• Steglitz49

            All the great ones recognize deficiencies in themselves that they can improve on.
            — Marta would say the same. Stenmark still maintains he never skied a perfect race.

            Alex Morgan is WoSo’s superstar. It helps that she is American rather than Norwegian or Swedish, but even after this miserable OG, Alex’s star is brighter than Däbritz’s, Blackstenius’s or DZ’s.

            Alex will earn in 5 months with Lyon about the same or even more than any of the other USWNT players will make in the whole year. That is what she commands. In addition, her private endorsements will not be small.

          • Steglitz49

            The Cup and the League are co-equal and doing the so-called Double is a rare honor.

            The men’s FA cup Final is the singly biggest domestic team sports event world wide. It is the final of the time-honored challenge cup that made soccer what it is.

            The Champions League final exceeds the FA Cup final and ultimately the World Cup, of course.

            As for the change in WoSo pattern, what you are seeing is a greater equality between teams. Ultimately, WoSo at the NT level will be dominated by the big nations and small countries like Norway, Sweden, Iceland and the Faeroe Islands will have less bites at the cherry. For now those mice can still roar.

          • mockmook

            You can have a tie at 3-3 as easy as 0-0

            The problem still needs to be resolved.

            And, I don’t think the ROW is any more enamored with PSO’s than we are.

            “Win the game”

            What a simplistic, useless piece of drivel…

          • Steglitz49

            The ROW has accepted it. The Golden Goal failed. Nothing else has so far found favor.

            #1Fan is prone to making self-evident statements. The risk is that he blocks you, like the Painter has.

          • DNG

            With the limited number of subs, I don’t think there is a realistic way to just get rid of PSOs as much as I dislike them. If players could play forever and never get tired I’d fully support golden goal until there is a winner.

          • mockmook

            “I don’t think there is a realistic way to just get rid of PSOs”

            Yes there is, some variant of this:


            And, clever minds can come up with many other proposals that honor the spirit of playing soccer while expeditiously concluding the game.

          • DNG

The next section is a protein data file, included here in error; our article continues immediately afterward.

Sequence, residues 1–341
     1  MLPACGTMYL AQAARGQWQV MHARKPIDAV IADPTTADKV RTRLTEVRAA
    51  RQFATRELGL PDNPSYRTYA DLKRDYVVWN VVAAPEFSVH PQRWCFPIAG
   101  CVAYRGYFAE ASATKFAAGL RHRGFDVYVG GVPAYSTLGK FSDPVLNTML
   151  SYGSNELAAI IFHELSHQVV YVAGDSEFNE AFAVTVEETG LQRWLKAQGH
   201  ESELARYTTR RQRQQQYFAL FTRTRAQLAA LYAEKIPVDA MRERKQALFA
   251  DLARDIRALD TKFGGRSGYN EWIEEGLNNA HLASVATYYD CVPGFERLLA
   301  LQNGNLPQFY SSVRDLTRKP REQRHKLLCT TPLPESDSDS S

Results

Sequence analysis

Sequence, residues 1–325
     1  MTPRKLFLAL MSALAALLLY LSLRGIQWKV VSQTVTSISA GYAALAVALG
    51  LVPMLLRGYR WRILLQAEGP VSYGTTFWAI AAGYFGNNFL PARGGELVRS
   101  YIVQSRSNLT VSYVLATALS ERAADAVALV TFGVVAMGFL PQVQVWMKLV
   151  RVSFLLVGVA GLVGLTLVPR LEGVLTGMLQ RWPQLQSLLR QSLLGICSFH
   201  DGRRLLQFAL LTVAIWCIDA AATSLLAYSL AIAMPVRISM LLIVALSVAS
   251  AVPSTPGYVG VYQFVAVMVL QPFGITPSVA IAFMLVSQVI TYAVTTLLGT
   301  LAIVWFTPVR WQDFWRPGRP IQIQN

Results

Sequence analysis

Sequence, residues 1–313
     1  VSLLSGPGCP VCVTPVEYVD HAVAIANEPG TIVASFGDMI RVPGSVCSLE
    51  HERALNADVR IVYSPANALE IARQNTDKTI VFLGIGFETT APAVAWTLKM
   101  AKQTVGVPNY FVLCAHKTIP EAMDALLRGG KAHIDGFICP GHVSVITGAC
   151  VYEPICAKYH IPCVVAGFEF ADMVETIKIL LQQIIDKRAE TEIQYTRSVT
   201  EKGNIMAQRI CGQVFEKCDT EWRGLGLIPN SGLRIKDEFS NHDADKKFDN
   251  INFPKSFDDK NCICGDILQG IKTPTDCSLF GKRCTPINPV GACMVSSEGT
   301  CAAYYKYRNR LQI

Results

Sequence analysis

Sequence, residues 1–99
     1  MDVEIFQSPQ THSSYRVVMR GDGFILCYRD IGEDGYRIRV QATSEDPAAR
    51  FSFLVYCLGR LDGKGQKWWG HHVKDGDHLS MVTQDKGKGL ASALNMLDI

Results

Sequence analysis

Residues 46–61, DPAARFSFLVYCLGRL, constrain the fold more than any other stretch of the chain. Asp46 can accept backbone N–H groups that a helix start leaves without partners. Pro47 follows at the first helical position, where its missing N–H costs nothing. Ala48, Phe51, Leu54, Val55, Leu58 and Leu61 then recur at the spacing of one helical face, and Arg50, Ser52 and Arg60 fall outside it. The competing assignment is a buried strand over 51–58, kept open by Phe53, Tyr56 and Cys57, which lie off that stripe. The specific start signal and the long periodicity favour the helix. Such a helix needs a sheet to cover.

Maybe. I feel as if your proposed solution is quite a bit different from the actual game still but I guess you would have a point that PSOs are as well. My stance is still the same as it is with Hockey regular season 3v3(which is effective but not hockey), I think it changes the game too much.

          • mockmook

            Right, it’s all bad choices — so, you need to pick one that is a bit less bad.

          • #1Fan

            I dont think penalties are bad.

          • mockmook

            I believe you are in a minority of a minority.

          • #1Fan

            on this site or in the world? Im not so sure you are right if you are talking the broader

          • mockmook

            I don’t think I have ever watched a broadcast (regardless of the country of origin of the announcers) where they don’t bemoan the fact that a game might be decided on a PSO

          • #1Fan

            Well you must watch a lot of single elimination soccer. Its not an issue in ANY league game in a major league. Many of the Cup competitions have replays or are 2 legged. So Im not sure what the big deal is. If over 2 legs you cannot figure it out then that on the players. As far as Im concerned, 90 mins plus ET should be enough time for the “better” team to win a game. Would fans/broadcasters rather see it decided before pens? Of course they would, so bemoaning it is not an indictment of penalties. Its a desire to have the game decided in regular time. I have yet to hear a better solution.

          • Steglitz49

            He is not — at least not world wide.

          • Steglitz49

            Psos are not bad. They settle a match with buckets of excitement.

            The fact that hte US generally are not very good at them, colors your view and clouds your thinking.

          • mockmook

            I love when people tell me what I am thinking…

          • Steglitz49

            We try our best.

            It bears repeating.

          • Steglitz49